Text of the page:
St. Joseph Cathedral (Columbus, Ohio)

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St. Joseph Cathedral
St. Joseph's Cathedral, Columbus.jpg
St. Joseph Cathedral (Columbus, Ohio) is located in Ohio
St. Joseph Cathedral (Columbus, Ohio)
Location in Ohio
39°57′48″N 82°59′41″W / 39.96327°N 82.99465°W / 39.96327; -82.99465Coordinates: 39°57′48″N 82°59′41″W / 39.96327°N 82.99465°W / 39.96327; -82.99465
Location 212 E. Broad St.
Columbus, Ohio
Country United States
Denomination Roman Catholic Church
Website www.saintjosephcathedral.org
History
Founded 1866
Architecture
Architect(s) Michael Harding
Robert T. Brookes
Style Gothic Revival
Completed 1878
Specifications
Capacity 700[1]
Length 185 feet (56 m)
Width 92 feet (28 m)
Materials Ashlar
Administration
Diocese Diocese of Columbus
Clergy
Bishop(s) Most Rev. Frederick F. Campbell
Rector Very Rev. Michael J. Lumpe

St. Joseph Cathedral is a Catholic cathedral located in Columbus, Ohio, United States which serves as the seat of the Diocese of Columbus.[2]

History[edit]

Interior

St. Joseph Parish, named after Saint Joseph, Jesus' legal father, was founded by members of St. Patrick’s Parish in Columbus in 1866 to alleviate overcrowding. Its pastor, the Rev. Edward M. Fitzgerald, began to plan for the church, raised money, formed a building committee and secured property on Broad Street and Fifth for $13,500.[1] The committee chose name St. Joseph for the new church, and selected Michael Harding as architect. Contractor John McCabe began construction June 6, 1866 with John Stoddard engaged as mason. Auxiliary Bishop Sylvester H. Rosecrans of Cincinnati laid the cornerstone November 11, 1866.

In 1867, Father Fitzgerald became Bishop of Little Rock and Bishop Rosecrans succeeded him as pastor of St. Patrick’s. On March 3, 1868, Pope Pius IX established the Diocese of Columbus and named Bishop Rosecrans as its first bishop.[3] He selected St. Joseph’s as the cathedral for the new diocese.

Bishop Rosecrans named Robert T. Brookes to succeed Harding as architect and altered the original design of a brick structure to stone to befit its elevated status as a cathedral. Because of this, workers demolished the existing foundation walls rebuilt them deeper. Retired General William Rosecrans, older brother of Bishop Rosecrans, came to Columbus to assist with some of the design plans in the summer of 1870.[1]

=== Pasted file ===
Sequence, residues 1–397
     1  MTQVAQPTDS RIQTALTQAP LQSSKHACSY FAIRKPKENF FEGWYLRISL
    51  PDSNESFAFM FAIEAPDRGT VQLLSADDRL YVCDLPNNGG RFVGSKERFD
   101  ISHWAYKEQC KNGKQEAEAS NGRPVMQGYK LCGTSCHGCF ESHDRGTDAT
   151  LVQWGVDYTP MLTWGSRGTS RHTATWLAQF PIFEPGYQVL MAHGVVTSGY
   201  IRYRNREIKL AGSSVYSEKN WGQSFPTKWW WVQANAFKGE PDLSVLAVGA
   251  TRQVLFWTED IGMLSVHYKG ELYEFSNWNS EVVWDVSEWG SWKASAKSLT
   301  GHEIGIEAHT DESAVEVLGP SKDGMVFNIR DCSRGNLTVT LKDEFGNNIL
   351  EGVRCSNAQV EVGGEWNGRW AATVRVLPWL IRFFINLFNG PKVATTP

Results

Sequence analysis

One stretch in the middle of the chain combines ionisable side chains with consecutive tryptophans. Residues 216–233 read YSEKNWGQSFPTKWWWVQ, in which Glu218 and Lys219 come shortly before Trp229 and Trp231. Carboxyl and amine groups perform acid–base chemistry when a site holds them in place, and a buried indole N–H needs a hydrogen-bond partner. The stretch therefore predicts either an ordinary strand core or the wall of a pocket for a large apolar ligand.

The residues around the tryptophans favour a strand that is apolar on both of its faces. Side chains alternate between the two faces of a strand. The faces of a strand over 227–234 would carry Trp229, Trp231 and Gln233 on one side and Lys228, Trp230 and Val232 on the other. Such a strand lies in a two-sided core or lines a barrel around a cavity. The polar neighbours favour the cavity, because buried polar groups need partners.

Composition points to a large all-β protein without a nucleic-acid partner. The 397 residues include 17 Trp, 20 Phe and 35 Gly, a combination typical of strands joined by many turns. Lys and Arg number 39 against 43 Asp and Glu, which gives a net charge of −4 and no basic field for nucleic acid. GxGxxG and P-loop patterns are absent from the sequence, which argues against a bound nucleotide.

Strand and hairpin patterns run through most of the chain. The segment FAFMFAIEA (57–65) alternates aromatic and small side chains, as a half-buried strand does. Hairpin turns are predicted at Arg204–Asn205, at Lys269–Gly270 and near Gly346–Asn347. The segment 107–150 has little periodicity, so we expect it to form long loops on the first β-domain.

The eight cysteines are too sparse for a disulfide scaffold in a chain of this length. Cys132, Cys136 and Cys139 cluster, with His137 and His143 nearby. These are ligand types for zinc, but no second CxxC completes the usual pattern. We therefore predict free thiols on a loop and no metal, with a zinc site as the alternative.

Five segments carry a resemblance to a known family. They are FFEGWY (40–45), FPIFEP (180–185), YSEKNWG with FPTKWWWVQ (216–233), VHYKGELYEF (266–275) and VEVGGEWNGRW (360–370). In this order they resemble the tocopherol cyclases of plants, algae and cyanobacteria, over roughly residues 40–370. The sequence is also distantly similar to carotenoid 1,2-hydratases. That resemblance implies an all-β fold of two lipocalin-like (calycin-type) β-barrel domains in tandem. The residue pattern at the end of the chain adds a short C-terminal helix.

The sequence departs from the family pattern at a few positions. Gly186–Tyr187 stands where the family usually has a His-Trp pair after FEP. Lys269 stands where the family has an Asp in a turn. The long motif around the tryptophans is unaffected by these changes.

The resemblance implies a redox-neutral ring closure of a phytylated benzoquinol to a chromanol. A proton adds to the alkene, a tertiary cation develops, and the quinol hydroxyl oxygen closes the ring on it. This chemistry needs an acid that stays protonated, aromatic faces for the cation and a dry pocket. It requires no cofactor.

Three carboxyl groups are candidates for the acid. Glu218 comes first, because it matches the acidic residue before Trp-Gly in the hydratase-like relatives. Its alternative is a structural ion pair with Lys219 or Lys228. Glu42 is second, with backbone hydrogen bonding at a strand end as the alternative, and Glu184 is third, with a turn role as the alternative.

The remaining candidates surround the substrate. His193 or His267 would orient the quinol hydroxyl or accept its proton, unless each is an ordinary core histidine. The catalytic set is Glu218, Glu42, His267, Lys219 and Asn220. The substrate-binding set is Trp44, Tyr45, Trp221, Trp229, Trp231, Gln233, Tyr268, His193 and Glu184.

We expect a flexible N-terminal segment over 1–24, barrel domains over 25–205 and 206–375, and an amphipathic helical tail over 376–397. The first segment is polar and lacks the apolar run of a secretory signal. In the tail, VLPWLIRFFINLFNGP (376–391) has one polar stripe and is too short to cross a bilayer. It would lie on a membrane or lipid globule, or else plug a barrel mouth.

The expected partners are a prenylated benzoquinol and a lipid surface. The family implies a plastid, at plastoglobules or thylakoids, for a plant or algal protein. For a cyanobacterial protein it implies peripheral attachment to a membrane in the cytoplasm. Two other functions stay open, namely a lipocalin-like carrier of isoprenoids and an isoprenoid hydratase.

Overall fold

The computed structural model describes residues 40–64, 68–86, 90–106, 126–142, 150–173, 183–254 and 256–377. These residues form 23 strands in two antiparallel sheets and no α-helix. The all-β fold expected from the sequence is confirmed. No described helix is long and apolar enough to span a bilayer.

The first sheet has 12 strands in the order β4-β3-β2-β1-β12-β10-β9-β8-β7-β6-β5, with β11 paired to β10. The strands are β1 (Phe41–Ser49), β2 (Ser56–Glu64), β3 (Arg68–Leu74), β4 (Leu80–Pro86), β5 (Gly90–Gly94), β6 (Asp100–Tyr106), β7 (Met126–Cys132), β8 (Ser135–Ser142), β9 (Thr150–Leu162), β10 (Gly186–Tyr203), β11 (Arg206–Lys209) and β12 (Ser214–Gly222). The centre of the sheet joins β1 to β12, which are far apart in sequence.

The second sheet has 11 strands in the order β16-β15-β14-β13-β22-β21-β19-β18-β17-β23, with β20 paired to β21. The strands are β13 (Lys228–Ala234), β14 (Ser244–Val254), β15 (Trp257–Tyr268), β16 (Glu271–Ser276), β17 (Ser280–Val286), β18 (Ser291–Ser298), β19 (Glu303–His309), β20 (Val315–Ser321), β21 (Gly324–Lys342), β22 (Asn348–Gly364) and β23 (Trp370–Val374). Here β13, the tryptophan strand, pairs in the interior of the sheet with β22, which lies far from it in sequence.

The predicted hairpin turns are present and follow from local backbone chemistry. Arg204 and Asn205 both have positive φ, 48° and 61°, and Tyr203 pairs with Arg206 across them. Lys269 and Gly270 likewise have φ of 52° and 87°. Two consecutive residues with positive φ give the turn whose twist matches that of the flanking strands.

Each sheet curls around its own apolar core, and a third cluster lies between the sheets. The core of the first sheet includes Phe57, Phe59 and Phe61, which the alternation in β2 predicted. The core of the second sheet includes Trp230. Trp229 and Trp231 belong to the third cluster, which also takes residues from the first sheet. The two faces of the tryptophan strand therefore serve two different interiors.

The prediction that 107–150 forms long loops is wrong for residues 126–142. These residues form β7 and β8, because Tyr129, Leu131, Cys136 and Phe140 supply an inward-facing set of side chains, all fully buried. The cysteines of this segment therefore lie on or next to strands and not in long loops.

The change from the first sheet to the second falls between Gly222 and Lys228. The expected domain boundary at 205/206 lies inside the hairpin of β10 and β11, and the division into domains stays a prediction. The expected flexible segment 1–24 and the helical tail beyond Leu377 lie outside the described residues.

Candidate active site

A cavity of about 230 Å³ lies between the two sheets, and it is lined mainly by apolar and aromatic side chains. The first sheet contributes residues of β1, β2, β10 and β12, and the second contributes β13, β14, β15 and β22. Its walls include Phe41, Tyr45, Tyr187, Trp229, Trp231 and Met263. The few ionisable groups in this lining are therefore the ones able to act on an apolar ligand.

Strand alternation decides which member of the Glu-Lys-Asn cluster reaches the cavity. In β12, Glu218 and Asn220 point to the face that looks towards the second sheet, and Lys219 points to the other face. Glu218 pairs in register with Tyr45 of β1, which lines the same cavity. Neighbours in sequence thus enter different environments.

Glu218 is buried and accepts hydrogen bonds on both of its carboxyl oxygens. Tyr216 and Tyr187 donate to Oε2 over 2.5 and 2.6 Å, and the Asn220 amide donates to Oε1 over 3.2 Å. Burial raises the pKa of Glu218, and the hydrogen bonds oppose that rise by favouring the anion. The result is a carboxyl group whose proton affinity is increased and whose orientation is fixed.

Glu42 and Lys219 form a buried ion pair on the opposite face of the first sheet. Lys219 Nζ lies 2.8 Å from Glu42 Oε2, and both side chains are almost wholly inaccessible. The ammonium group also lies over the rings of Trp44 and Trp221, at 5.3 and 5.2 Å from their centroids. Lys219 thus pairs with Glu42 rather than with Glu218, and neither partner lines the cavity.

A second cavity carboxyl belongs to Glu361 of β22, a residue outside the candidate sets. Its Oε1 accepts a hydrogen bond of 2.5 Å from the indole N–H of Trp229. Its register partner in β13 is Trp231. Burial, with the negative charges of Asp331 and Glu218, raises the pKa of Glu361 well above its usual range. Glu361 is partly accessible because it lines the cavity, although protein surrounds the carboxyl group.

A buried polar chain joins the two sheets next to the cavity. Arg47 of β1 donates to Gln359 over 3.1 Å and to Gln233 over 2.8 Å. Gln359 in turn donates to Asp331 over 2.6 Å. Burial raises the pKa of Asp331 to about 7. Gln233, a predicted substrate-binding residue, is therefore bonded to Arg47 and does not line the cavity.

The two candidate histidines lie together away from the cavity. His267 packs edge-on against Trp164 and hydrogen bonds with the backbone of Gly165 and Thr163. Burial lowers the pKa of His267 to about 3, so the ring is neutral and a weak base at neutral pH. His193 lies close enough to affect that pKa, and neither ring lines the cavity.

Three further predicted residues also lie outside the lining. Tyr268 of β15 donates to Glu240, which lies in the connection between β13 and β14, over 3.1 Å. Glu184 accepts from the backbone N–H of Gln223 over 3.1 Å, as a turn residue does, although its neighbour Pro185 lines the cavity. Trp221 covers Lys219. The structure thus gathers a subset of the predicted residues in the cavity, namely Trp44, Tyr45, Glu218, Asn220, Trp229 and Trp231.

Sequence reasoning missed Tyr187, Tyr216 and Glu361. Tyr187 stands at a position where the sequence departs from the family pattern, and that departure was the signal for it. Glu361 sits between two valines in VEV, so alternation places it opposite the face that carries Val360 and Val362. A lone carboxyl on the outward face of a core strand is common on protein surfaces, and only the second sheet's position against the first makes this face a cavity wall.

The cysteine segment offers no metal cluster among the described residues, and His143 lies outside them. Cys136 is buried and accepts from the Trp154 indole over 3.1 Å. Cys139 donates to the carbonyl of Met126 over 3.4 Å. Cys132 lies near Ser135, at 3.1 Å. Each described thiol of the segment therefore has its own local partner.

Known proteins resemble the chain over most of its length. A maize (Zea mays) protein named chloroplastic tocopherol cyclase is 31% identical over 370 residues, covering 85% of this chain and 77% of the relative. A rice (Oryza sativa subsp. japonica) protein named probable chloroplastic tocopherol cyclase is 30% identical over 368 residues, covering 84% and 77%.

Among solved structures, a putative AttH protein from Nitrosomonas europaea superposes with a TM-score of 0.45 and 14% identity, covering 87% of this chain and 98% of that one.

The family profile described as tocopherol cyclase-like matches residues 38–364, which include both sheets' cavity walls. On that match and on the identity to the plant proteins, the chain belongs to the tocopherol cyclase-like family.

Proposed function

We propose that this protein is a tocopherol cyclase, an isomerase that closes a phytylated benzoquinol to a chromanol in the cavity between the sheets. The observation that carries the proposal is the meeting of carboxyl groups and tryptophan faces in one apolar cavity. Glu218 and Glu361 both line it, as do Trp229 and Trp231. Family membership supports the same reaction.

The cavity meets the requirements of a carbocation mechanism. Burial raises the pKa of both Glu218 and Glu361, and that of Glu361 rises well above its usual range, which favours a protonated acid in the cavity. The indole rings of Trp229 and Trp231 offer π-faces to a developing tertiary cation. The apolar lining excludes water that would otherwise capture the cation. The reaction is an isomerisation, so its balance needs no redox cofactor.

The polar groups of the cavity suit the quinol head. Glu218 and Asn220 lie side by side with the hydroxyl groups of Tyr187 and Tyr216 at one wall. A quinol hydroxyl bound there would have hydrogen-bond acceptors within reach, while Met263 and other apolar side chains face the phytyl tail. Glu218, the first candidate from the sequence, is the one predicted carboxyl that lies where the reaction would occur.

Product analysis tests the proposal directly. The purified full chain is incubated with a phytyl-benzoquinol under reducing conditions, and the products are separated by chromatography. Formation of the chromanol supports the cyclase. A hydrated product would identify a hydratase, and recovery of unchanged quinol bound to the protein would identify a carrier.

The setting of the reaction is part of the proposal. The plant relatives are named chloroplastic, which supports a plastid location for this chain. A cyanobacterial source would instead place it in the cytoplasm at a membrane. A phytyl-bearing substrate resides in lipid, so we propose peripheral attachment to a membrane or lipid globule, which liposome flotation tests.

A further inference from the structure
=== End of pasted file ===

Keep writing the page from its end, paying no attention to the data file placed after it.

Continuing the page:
Bishop Rosecrans celebrated the first Mass in the unfinished cathedral on Christmas 1872. Soon after, Cardinal John McCloskey of New York donated marble, from the same quarry used in the construction of St. Patrick's Cathedral, New York, to construct a high altar and side altars.[1] In 1873, parish purchased the home of Joseph Gundersheimer, across Broad Street between Sixth and Seventh Streets, to house the clergy. It served until the diocese could construct a rectory attached to the cathedral.

Even though interior decoration of the building was incomplete, Bishop Rosecrans consecrated it on October 20, 1878. The final cost was $218,000. Tragically, the Bishop died the following day. He was interred directly beneath the main altar.[1]

Architecture[edit]

Pipe organ

St. Joseph Cathedral was designed in the Gothic Revival style and built of ashlar stone quarried in Licking and Fairfield counties. The exterior dimensions of the building are 185 by 92 feet (56 m × 28 m) with walls 3 feet (0.91 m) thick. The Broad Street (south) façade of the cathedral houses three entrances and was to be framed by two towers. The southwest tower was to rise to a height of 312 feet (95 m) and contain three clock faces and a chime of ten bells. while the southeast tower was to reach a height of 200 feet (61 m).[1] Both towers remain incomplete. The Fifth Street façade houses an additional entrance.

In 1914, the diocese remodeled the cathedral replacing the main and side altars and communion rail. Work also included replacing the iron columns supporting the clearstory and new lighting.

The cathedral saw further changes in 1967 when the lower level was excavated to create a usable meeting space. In June 1978, the sanctuary was updated in attempt to incorporate changes mandated by the Second Vatican Council.


See also[edit]

References[edit]

  1. ^ a b c d e f Gorski, Fr. James. "Parish History". Saint Joseph Cathedral. Retrieved 2016-03-08. 
  2. ^ "St. Joseph Cathedral". GCatholic. Retrieved 2011-09-21. 
  3. ^ "Diocese of Columbus". Catholic-Hierarchy. Retrieved 2011-09-21. 

External links[edit]